среда, 27 февраля 2019 г.

The Steppe Maykop enigma

Who were the Steppe Maykop people exactly? Their ancestry must surely rank as one of the biggest surprises served up by ancient DNA to date.
I always thought that they’d turn out roughly like a mixture between populations associated with the Kura-Araxes and Yamnaya cultures (mostly because their territory was located sort of in between them). Nope, that wasn’t even close. This is where they cluster compared to Kura-Araxes and Yamnaya samples in my Principal Component Analysis (PCA) of world-wide genetic variation: the Global25.



To explore the ancestry of the Steppe Maykop people in more detail I ran a couple of unsupervised Global25/nMonte tests, using basically every ancient population in the (scaled) Global25 datasheet that seemed chronologically sensible and even remotely relevant. I narrowed things down to these two mixture models.



Steppe_Maykop
Geoksiur_Eneolithic,11.2
Piedmont_Eneolithic,44.4
West_Siberia_N,44.4
distance%=1.5161
Steppe_Maykop
Piedmont_Eneolithic,46.6
Sarazm_Eneolithic,10.4
West_Siberia_N,43
distance%=1.6408



But, you might say, Global25/nMonte isn’t a published analytical method and it doesn’t run on formal statistics, the meat and potatoes of ancient DNA papers. OK then, let’s try the same models with the qpAdm software, which is a published method and does run on formal statistics, using exactly the same samples.



Steppe_Maykop
Geoksiur_Eneolithic 0.100±0.032
Piedmont_Eneolithic 0.433±0.053
West_Siberia_N 0.467±0.028
chisq 19.155
tail prob 0.159096
Full output
Steppe_Maykop
Piedmont_Eneolithic 0.429±0.051
Sarazm_Eneolithic 0.119±0.033
West_Siberia_N 0.452±0.026
chisq 18.090
tail prob 0.202699
Full output



Basically identical. Importantly, my models must reflect reality at some level, otherwise it’s extremely unlikely that I’d be able to produce a pair of essentially identical results using two such vastly different statistical methods. So the pertinent question is what do these results actually mean?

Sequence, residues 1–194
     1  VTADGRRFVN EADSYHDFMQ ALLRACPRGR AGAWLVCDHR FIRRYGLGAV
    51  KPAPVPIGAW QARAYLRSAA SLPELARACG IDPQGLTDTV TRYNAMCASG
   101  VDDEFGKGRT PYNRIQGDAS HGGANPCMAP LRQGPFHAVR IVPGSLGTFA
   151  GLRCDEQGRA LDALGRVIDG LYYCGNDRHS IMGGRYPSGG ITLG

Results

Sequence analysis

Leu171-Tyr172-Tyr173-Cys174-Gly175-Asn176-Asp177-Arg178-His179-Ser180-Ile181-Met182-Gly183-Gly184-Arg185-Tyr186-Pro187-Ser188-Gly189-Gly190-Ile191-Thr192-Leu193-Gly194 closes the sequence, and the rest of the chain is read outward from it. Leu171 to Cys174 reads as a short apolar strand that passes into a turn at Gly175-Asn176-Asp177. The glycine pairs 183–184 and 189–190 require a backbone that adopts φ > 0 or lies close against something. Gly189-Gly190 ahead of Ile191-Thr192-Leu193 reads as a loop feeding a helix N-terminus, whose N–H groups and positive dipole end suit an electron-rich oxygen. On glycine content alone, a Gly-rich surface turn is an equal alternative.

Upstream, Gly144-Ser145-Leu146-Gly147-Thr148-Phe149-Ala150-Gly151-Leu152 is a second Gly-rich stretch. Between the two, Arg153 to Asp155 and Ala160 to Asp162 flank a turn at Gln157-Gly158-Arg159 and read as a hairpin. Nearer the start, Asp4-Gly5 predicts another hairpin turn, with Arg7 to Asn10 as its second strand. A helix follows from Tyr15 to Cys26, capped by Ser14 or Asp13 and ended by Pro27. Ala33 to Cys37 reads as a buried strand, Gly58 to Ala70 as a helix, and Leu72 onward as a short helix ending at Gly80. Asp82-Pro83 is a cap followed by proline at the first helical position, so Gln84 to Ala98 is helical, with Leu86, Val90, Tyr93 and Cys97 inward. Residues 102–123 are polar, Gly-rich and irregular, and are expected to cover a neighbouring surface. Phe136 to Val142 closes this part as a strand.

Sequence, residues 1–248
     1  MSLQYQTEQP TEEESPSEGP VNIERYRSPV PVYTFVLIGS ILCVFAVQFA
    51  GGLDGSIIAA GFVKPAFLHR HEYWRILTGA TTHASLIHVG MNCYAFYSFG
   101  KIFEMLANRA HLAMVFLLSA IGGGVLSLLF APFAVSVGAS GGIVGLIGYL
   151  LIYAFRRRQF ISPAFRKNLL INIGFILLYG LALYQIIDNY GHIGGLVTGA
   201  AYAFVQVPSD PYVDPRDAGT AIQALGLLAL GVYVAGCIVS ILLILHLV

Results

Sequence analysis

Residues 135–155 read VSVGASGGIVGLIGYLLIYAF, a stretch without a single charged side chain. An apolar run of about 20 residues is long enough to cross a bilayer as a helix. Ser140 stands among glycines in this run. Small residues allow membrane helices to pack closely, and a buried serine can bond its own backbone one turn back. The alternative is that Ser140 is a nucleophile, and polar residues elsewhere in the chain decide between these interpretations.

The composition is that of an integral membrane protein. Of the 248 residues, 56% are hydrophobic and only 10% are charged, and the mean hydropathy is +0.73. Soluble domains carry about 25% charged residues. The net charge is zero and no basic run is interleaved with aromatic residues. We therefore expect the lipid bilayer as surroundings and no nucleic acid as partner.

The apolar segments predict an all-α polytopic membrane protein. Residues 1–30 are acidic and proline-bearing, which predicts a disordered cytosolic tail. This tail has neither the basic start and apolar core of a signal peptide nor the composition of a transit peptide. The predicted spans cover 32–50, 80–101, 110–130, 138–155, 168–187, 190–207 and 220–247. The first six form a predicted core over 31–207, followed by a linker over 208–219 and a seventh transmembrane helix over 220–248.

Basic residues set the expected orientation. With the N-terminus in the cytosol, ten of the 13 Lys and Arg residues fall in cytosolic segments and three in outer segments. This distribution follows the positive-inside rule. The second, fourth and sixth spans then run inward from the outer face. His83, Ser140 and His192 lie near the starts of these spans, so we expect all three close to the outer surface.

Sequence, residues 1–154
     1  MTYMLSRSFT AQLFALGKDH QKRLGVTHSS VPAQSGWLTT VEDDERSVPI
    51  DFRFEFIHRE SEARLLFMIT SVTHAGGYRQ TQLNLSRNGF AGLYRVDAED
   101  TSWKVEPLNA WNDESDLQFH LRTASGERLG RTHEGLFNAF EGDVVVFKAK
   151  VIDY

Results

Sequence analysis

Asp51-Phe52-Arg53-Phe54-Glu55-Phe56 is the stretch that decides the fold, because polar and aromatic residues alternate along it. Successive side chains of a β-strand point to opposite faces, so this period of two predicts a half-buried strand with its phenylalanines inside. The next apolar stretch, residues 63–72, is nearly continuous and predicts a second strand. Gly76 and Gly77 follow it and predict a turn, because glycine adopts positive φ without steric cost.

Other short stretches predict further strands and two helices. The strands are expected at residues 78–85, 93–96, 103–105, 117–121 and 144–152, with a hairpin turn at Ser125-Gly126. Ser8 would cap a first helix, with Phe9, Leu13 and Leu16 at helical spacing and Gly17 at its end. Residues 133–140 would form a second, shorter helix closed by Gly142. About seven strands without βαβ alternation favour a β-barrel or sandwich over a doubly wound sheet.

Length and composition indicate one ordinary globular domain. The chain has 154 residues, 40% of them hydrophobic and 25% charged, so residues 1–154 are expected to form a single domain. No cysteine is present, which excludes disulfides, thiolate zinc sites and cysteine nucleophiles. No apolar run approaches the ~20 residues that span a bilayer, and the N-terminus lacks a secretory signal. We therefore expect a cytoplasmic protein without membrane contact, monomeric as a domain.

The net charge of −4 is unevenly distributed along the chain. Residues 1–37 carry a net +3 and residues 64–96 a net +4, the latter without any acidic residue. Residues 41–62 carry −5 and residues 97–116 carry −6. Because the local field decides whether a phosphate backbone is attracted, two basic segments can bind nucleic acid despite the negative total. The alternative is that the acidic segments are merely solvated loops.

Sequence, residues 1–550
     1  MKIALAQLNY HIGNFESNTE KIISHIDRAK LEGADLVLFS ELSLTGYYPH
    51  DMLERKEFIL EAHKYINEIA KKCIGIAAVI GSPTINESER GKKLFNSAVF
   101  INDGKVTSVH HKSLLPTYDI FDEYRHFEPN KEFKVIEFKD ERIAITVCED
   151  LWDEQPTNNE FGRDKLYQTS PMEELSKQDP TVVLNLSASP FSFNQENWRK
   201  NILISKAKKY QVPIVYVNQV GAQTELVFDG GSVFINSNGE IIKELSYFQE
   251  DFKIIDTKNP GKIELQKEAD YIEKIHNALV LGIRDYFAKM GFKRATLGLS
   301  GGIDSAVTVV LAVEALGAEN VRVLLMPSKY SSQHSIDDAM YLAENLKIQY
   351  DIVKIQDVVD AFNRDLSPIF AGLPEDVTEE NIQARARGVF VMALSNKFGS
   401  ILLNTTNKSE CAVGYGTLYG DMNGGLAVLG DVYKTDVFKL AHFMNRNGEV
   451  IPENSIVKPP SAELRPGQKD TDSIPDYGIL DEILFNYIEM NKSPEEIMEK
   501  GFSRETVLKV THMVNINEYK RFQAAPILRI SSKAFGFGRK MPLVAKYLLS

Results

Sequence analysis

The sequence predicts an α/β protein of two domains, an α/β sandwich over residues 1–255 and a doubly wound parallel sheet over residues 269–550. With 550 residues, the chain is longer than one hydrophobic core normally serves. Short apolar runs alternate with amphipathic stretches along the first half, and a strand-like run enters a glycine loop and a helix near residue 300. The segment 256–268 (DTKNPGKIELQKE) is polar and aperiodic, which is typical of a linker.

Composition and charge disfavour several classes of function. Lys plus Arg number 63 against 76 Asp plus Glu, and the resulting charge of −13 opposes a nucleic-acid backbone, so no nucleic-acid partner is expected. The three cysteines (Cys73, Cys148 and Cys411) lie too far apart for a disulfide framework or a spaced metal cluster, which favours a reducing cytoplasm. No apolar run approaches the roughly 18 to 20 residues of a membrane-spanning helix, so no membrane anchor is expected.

I didn’t get a chance to put together a map for this blog post. I’ll try and do that tomorrow, because when looking at the locations of the potential mixture sources in my models, it seems unlikely to me that we’re dealing here with a highly complex three-way mixture process, including populations from such far flung locations as western Siberia and southern Central Asia. Rather, I suspect that Steppe Maykop was the result of a two-way mixture between Piedmont_Eneolithic (the population that lived before it on the steppe north of the Caucasus) and someone just a little bit more easterly. I’m guessing that the latter was the (as yet unsampled) population associated with the Kelteminar archeological culture.
Like I say, I’ll add to this blog entry tomorrow. Meantime, feel free to let me know in the comments below if there are models that more accurately capture the ancestry of the Steppe Maykop people, and I might incorporate them into my effort. See also…
On Maykop ancestry in Yamnaya
Big deal of 2018: Yamnaya not related to Maykop
Late PIE ground zero now obvious; location of PIE homeland still uncertain, but…

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